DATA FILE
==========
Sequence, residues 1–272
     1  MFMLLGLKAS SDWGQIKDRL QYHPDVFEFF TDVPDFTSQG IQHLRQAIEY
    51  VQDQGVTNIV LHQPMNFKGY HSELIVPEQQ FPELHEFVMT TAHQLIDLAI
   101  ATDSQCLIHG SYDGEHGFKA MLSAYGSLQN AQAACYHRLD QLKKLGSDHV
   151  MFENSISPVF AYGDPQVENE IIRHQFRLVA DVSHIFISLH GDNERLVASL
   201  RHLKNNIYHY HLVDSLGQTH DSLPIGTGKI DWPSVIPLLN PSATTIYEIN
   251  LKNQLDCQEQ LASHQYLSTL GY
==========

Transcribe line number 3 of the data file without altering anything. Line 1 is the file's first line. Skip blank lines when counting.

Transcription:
    51  VQDQGVTNIV LHQPMNFKGY HSELIVPEQQ FPELHEFVMT TAHQLIDLAI